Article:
I mostly agree with Jeff, but the replacements aren’t on the same team right now. Clearly, a lot of those who were at the 41 firms that had their tax-exempt status revoked (and I would expect that to be about 40% of the counselors in the business) are either going to have to move and sometimes relocate to those who remain, or will decide to find another line of work. To me this means that there is going to be a big short-term reduction and a small long-term reduction in counseling resources available to clients who need it. I would think that in some areas the admittedly temporary disruption might cause long waits until a counselor can be seen. One thing debtors in trouble usually don’t need is more time to go by while their troubles multiply.

I Have to Agree: A TEL Law Is a Big Win for Ken Blackwell

Filed under: General,Taxes & Government — Tom @ 9:18 am

It looks like Mr. Blackwell’s Tax Expenditure Limitation idea will become law through the legislature:

Lawmakers Propose Spending Limit Law Instead of TEL Amendment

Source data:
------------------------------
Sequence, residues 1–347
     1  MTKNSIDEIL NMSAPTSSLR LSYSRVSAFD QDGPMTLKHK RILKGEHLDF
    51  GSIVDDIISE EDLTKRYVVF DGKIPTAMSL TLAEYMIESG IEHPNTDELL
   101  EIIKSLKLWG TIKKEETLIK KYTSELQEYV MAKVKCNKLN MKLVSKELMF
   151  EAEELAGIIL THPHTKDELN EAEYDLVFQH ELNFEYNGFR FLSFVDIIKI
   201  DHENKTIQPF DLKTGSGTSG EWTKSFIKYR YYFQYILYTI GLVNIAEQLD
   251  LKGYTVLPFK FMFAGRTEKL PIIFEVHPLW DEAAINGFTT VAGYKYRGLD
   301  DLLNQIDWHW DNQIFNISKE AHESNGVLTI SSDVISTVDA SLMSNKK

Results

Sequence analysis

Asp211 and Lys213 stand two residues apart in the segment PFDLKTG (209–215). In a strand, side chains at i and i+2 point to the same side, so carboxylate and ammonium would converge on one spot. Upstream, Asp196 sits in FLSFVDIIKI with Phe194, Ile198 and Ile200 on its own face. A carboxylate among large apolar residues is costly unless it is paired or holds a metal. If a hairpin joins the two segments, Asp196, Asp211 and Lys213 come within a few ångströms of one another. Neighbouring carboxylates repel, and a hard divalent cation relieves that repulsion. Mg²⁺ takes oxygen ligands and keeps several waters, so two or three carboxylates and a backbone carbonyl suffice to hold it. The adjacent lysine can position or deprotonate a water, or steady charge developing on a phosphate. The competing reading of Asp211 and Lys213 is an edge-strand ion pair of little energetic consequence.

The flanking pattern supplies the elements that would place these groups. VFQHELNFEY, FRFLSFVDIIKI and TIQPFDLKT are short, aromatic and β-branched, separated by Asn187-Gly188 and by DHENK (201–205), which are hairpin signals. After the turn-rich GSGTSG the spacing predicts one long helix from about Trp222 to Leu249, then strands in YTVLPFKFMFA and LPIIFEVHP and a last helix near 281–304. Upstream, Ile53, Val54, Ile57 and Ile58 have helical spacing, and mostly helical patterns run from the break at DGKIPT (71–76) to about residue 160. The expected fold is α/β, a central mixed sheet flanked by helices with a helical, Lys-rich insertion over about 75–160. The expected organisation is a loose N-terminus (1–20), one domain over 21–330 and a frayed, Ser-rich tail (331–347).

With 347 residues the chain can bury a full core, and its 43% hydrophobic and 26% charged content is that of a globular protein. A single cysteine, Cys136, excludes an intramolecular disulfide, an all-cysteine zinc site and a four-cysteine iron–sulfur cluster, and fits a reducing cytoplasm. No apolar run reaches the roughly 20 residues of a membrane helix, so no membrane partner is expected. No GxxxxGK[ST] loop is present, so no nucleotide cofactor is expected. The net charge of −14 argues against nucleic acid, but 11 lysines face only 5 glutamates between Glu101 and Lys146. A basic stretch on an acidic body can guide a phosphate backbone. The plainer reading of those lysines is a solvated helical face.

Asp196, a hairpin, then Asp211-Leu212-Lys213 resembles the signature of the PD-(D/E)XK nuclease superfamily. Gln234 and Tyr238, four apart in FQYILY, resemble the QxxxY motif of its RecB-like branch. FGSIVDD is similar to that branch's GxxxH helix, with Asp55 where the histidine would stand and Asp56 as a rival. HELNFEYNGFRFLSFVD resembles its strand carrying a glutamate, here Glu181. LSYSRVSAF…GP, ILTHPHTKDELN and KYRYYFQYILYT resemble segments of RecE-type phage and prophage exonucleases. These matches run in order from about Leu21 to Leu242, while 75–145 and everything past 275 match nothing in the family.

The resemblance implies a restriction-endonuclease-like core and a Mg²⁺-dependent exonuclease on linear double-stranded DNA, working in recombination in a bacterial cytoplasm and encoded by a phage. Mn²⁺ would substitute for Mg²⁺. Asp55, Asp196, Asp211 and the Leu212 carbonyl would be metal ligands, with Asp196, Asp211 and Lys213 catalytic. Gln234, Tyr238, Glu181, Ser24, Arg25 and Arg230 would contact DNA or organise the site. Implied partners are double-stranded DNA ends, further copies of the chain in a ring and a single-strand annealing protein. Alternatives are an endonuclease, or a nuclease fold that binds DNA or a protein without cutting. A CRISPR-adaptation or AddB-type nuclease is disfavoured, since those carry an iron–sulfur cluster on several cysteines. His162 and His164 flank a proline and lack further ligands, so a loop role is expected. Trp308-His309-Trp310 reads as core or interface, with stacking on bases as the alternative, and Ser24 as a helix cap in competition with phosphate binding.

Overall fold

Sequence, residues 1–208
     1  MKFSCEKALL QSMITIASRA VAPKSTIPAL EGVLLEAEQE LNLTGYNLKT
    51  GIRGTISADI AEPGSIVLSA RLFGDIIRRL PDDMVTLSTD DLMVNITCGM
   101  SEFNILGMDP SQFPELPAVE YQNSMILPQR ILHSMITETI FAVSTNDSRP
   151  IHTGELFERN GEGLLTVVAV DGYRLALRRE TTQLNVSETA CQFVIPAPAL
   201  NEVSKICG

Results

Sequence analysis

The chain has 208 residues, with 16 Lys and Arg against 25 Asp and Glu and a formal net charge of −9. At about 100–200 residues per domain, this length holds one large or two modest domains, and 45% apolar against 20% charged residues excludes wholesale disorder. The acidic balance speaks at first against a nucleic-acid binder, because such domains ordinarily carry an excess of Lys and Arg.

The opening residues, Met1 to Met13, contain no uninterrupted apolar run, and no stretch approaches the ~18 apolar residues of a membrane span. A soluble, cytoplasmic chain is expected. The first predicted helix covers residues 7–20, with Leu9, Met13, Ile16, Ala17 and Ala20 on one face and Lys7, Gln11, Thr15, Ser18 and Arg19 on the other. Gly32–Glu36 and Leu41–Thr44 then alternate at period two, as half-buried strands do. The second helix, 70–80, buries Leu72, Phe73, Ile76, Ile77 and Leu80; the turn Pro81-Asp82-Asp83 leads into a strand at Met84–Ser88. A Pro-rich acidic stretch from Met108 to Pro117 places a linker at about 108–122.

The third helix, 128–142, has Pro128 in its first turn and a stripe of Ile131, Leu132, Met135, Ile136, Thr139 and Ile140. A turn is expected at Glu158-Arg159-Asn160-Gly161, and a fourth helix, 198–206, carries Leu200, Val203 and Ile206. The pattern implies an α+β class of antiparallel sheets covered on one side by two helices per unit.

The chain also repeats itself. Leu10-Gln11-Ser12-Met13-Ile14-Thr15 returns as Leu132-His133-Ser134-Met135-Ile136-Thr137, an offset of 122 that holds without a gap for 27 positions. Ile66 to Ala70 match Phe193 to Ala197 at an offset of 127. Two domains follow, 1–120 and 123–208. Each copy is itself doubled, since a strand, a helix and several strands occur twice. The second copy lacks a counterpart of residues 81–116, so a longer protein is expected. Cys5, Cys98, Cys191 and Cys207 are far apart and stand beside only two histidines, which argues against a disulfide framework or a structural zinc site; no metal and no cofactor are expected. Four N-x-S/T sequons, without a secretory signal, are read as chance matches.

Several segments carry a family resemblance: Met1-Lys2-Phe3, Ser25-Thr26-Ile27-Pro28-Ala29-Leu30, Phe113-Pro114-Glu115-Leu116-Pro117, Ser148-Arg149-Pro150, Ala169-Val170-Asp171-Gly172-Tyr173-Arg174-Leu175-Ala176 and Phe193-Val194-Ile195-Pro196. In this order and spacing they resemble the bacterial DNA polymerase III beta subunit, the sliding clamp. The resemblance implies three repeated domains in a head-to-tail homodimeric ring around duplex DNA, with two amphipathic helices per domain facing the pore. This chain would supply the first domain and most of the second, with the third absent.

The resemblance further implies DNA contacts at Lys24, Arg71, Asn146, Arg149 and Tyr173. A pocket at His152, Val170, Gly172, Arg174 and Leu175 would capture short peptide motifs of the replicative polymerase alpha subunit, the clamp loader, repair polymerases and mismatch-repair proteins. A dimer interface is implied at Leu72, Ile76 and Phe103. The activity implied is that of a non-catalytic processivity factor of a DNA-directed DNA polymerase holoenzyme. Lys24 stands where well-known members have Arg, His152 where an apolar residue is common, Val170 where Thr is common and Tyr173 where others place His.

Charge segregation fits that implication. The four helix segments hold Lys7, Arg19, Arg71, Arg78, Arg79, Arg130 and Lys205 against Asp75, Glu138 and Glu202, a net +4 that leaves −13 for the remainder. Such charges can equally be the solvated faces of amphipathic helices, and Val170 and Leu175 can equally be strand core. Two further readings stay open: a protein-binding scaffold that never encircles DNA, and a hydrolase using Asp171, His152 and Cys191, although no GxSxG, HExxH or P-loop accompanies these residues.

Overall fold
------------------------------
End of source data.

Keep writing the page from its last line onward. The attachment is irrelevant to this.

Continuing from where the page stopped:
May 17 2006 8:28PM

COLUMBUS, Ohio (AP) – In a compromise with GOP gubernatorial candidate Kenneth Blackwell, Republican legislative leaders will write into state law a government spending cap matching that of Blackwell’s proposed constitutional amendment.

The bill, announced at a late afternoon news conference by House Speaker Jon Husted and Senate President Bill Harris, also will clarify the ability of Citizens for Tax Reform, the committee that brought the issue, to pull the issue from November’s ballot.

“I believe he achieves his goal with this, he wins,” Husted said of Blackwell, who championed the Tax & Expenditure Limitation Amendment as a symbol of his campaign’s commitment to fiscal discipline.

Husted and Harris said the bill they advance within in the next week will limit state general-revenue growth to 3.5 percent a year, as Blackwell’s amendment did, but will not apply to local governments, school districts, libraries and other smaller entities.